Update footage on you tube:
Ed. On 18 October 2010 I received a short email from Prof Francis Ronsin, in Paris, headed “Strikes”. He wrote: “Social war has broken out in France. It is a long time since I had reason to be proud to be French!” So I wrote back to ask for a few paragraphs about the strikes that are paralyzing business as usual and liberating French society, which I have translated here -- Sheila Newman See also "1.3-2.5m French demonstrate against raising retirement age" and "French General Strike on Retirement Age takes to highways of France 13 October"
A surprise for everyone
What is happening in France today comes as a surprise to everyone. A pleasant one for some, an unpleasant one for others.
For several months there have been calls to strike – often with little response – and big demonstrations – with totals of several million people involved, each time, throughout France. The government insisted continually that it would not give in and it seemed possible that the strikers and the demonstrators would finish up becoming discouraged.
Involvement of school children
The first change in these trends occurred last week. High school children (15-18 years old) then middle school children (12-15 years old) began barricading their school entrances and confronting the police in the streets. They were protesting: many young people are unemployed and if the elderly are made to work longer … It was also a game, a party.
Domestic Petrol supply blocked
Another change in trends occurred over the weekend. Protesters blocked access to petrol depots. Truck drivers were asked to form roadblocks. Police were running everywhere. As they unblocked roads in one place, roadblocks would go up somewhere else. Petrol has now run out in many towns and even throughout regions. Little demonstrations are occurring everywhere, involving a few dozen or a few hundred people.
Why in France and not elsewhere?
Today (Tuesday) is a day of strikes and demonstrations throughout France. It’s likely to be risky! Sheila Newman asks the question: “Why in France and not elsewhere?” Do the French have a more conflictual temperament? Is it because of historical tradition? Difficult to say. What is certain, is that there is a link between opposition to a law which most French people do not want and a very strong anger, even hatred, towards the government, above all, towards President Sarkozy.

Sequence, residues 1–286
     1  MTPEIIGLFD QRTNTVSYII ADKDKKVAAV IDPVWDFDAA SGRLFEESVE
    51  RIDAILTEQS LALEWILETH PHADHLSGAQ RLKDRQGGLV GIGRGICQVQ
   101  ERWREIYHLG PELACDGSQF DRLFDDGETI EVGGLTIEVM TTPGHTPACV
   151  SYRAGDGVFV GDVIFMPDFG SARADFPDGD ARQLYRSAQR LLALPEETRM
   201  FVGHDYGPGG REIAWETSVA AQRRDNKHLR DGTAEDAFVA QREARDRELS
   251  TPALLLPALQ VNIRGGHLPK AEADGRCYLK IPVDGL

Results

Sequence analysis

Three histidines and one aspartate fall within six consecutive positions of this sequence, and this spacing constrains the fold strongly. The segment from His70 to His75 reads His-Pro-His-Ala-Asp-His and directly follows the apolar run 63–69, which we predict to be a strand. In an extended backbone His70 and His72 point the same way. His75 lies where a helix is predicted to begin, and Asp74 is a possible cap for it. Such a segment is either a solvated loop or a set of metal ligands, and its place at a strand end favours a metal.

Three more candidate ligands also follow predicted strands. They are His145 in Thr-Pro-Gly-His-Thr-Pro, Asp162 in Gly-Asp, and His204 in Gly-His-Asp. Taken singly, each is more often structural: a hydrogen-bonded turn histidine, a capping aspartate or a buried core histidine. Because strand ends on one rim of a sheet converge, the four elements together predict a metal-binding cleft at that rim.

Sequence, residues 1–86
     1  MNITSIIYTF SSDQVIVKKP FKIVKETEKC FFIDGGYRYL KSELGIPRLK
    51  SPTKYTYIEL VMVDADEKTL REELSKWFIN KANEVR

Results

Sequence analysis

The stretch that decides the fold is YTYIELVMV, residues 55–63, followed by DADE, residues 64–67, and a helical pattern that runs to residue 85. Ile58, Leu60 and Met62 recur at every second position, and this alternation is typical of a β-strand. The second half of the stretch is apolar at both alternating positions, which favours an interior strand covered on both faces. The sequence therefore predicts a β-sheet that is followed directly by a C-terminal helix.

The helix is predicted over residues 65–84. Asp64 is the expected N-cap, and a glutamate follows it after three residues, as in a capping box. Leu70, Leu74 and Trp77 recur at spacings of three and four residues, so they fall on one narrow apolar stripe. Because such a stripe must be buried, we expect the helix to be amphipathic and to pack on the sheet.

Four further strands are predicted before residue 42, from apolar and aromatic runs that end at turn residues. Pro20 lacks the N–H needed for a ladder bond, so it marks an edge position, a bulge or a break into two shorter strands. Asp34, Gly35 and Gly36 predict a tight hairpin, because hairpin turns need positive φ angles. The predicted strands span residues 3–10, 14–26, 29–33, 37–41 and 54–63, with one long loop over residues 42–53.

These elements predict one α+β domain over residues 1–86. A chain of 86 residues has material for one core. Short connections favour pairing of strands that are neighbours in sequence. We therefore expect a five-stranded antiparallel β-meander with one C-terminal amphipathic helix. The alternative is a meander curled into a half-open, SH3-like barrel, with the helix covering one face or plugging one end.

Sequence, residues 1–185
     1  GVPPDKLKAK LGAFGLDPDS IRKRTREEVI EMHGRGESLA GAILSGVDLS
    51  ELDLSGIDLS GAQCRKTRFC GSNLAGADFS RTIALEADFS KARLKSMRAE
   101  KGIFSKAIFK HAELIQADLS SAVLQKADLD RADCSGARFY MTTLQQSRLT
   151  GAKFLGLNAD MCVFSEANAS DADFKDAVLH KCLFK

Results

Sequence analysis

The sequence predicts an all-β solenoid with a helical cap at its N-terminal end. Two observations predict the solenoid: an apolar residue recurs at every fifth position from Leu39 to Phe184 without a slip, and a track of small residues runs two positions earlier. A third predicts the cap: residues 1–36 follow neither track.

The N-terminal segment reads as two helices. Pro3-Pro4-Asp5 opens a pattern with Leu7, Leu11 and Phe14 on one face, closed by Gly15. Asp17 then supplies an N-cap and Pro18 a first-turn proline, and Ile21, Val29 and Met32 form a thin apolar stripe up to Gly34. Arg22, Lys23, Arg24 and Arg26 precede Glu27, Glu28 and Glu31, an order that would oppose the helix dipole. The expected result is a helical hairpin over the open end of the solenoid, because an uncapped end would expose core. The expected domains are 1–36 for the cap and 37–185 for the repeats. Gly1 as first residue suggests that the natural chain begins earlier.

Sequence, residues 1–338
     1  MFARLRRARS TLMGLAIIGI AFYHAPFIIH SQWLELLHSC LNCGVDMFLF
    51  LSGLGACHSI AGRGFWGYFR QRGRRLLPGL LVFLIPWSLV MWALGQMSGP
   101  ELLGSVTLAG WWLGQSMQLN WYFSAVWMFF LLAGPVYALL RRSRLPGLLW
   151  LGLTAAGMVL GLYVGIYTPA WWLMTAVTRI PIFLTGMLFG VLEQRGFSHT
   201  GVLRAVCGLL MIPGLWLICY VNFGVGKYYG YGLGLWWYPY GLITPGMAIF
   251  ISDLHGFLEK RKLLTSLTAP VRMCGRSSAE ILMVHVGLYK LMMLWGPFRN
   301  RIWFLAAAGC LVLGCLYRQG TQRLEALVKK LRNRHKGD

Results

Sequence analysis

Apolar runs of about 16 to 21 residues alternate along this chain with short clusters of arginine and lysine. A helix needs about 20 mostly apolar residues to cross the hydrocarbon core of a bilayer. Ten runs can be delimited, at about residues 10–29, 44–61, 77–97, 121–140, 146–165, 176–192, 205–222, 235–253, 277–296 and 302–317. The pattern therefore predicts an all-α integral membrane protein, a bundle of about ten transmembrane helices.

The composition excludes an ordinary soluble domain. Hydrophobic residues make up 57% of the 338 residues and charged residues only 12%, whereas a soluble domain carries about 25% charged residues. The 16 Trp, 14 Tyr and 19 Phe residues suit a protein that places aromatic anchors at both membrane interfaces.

(Translated by Sheila Newman)
Francis Ronsin was Professor, Department of Contemporary History, at the Université de Bourgogne (Dijon). He has published several books and numerous articles that focus on the relationship between political struggles and private life: La Grève des ventres - Propagande néo-malthusienne et baisse de la natalité en France 19ème-20ème siècles (Aubier, Paris, 1980); Le Contrat sentimental - Débats sur le mariage, l'amour, le divorce, de l'Ancien Régime à la Restauration (Aubier, Paris, 1990) ; Les Divorciaires - Affrontements politiques et conceptions du mariage dans la France du XIXème siècle. (Aubier, Paris, 1992); Le Sexe apprivoisé -Jeanne Humbert et la lutte pour le contrôle des naissances (La Découverte, Paris, 1990) ; and La population de la France de 1789 à nos jours. Données démographiques et affrontements idéologiques (Le Seuil, Paris, 1997); La Guerre et l’oseille (Syllepse, Paris, 2003). He is also the principal organizer of the international research seminar Socialism and Sexuality.
Rights of partial or full reproduction of this article are forbidden without permission from Francis Ronsin.